Much of the controversy surrounding such a right, however, derives from disagreement surrounding what in UDHR article 13 is referred to as "his own". Because many countries are nation states predicated on the right to national self-determination, such countries often identify a special link between them and persons identified with the nation, or people, whose self-determination that country enables. National laws implementing a "right of return" tend to be predicated on that link. Because they give people of a certain background preferential immigration, however, such laws are controversial, especially where they are perceived to be at the expense of other people who want to immigrate or return.


Some countries, such as the Philippines, have devised means to "reacquire" or retain former citizens who lost their citizenship upon accession to another country, particularly to recover the contributions and potential investment opportunities of former citizens abroad. Schemes such as these bear some resemblance to right of return plans, because they highlight how a homeland's motivation to build links of citizenship with diasporas may draw from potential investment, not just the nation-state's perceived cultural duty towards one or more particular peoples. Such schemes do not necessarily constitute rights of return, however, particularly where they target former citizenship-holders rather than members of an ethnic group who may never have held citizenship, or whose diaspora location even predates state formation.

Choice of a former-citizen scheme, such as the Philippines' Republic Act 9225 ("Citizenship Retention and Re-Acquisition Act of 2003"), rather than a right of return such as those listed below, may be more closely associated with the historic circumstances of a people's dispersion and of nation-state formation, respectively, than with principled choices between them. Use of a right of return is therefore more likely in nation-states constituted more recently or whose diasporas are long-standing, and less likely in nation-states constituted earlier or whose diasporas were constituted more recently.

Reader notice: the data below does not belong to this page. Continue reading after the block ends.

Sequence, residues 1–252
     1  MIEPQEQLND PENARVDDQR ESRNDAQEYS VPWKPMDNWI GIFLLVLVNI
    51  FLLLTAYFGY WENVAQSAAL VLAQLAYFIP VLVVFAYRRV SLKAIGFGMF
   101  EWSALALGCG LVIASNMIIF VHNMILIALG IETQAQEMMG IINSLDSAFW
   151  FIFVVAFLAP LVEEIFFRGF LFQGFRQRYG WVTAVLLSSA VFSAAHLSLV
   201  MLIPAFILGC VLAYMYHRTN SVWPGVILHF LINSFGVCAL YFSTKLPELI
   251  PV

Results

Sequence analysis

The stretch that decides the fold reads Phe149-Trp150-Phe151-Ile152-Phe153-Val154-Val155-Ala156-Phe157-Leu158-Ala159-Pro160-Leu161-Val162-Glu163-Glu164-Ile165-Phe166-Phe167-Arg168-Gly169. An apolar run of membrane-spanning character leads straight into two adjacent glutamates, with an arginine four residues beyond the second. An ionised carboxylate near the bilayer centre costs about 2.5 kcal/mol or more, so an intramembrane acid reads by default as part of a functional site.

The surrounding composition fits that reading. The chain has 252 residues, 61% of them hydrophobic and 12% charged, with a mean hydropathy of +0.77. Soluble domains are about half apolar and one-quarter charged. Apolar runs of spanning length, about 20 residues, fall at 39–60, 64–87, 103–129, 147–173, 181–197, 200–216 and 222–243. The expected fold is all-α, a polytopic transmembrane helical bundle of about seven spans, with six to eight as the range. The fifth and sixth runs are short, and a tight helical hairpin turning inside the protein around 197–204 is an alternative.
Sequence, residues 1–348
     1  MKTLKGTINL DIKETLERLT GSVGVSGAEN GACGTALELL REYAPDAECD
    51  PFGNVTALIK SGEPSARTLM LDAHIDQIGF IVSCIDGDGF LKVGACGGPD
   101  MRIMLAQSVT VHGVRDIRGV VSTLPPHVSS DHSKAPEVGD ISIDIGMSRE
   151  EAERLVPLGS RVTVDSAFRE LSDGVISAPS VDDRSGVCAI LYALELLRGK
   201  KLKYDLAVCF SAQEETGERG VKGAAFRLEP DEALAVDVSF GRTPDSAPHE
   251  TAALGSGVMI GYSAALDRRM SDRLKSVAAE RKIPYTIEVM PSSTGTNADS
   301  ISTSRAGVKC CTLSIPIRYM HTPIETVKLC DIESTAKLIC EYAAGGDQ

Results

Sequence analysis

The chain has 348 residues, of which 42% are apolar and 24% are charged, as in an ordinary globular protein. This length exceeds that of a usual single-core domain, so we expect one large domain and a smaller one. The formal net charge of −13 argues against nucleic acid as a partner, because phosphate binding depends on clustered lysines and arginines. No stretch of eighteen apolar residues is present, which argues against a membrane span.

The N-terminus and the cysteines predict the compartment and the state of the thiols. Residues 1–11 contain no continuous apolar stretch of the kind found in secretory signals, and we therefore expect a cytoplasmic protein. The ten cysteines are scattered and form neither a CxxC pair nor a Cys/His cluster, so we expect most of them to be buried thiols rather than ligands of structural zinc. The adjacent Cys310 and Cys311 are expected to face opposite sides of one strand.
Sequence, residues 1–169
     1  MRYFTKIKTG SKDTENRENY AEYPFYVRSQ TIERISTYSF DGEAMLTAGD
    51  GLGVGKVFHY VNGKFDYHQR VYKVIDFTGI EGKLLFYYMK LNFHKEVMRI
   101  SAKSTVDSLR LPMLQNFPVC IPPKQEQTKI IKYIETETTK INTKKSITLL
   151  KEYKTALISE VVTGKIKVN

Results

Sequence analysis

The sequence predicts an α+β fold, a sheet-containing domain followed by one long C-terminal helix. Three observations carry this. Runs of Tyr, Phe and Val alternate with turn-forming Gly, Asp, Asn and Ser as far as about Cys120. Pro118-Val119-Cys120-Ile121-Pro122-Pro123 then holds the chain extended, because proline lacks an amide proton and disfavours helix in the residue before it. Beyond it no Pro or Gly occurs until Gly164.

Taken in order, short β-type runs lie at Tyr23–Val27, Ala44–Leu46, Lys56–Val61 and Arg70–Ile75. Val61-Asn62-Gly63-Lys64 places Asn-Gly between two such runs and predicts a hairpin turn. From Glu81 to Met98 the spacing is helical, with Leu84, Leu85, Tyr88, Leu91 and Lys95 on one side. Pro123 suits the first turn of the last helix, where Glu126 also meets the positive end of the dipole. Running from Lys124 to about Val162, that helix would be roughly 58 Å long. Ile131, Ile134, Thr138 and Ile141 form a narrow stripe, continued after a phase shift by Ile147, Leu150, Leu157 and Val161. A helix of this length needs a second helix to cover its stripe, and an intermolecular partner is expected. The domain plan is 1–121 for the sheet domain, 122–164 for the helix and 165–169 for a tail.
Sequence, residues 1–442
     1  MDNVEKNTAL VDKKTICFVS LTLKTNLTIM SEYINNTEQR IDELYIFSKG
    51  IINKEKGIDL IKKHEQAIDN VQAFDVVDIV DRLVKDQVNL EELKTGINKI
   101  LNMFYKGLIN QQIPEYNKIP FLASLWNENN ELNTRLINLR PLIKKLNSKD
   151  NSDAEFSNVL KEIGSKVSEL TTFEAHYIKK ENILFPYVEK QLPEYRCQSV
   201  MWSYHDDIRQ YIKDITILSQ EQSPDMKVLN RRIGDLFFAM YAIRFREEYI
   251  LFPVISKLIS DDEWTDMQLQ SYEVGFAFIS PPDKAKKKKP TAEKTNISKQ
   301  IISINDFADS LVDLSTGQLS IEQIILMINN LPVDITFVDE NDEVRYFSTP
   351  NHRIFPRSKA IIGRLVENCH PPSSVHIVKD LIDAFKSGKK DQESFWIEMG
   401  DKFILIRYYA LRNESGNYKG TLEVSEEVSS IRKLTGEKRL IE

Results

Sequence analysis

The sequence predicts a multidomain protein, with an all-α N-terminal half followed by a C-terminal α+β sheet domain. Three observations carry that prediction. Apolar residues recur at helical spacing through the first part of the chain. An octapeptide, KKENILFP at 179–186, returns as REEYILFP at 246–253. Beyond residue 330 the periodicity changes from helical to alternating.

By country


Article 14 of the Constitution of the Republic of Armenia (1995) provides that "[i]ndividuals of Armenian origin shall acquire citizenship of the Republic of Armenia through a simplified procedure."[5] This provision is consistent with the Declaration on Independence of Armenia, issued by the Supreme Soviet of the Republic of Armenia in 1989, which declared at article 4 that "Armenians living abroad are entitled to the citizenship of the Republic of Armenia".


Citizenship act of the Republic of Belarus (2002) states that permanent residence term requirements may be waived for ethnic Belarusians and descendants of ethnic Belarusians born abroad.


According to the Constitution of Bulgaria, Article 25(2): "A person of Bulgarian origin shall acquire Bulgarian citizenship through a facilitated procedure."[6]

Chapter Two of the Bulgarian Citizenship Act is entitled "Acquisition of Bulgarian Citizenship". The first section of that chapter is entitled "Acquisition of Bulgarian Citizenship by Origin", and provides at article 9 that "[a]ny person ... whose descent from a Bulgarian citizen has been established by way of a court ruling shall be a Bulgarian citizen by origin." Separately, article 15 of the Act provides that "[a]ny person who is not a Bulgarian citizen may acquire Bulgarian citizenship ... if he/she ... is of a Bulgarian origin".


Chinese immigration law gives priority to returning Overseas Chinese  ethnic Chinese who were living abroad. As a result, practically all immigrants to China are ethnic Chinese, including many whose families lived outside of China for generations.

The mainland Chinese government encourages the return of Overseas Chinese with various incentives not available to others, such as "tax breaks, high salaries and exemptions from the one-child policy if they had two children while living abroad".[7]

The "rights and interests of returned overseas Chinese" are afforded special protection according to Articles 50 and 89(12) of the Chinese Constitution.[8]


The Croatian law on citizenship (Zakon o hrvatskom državljanstvu), article 11, defines emigrants (iseljenik) and gives them privileges by excluding them from certain conditions imposed on others.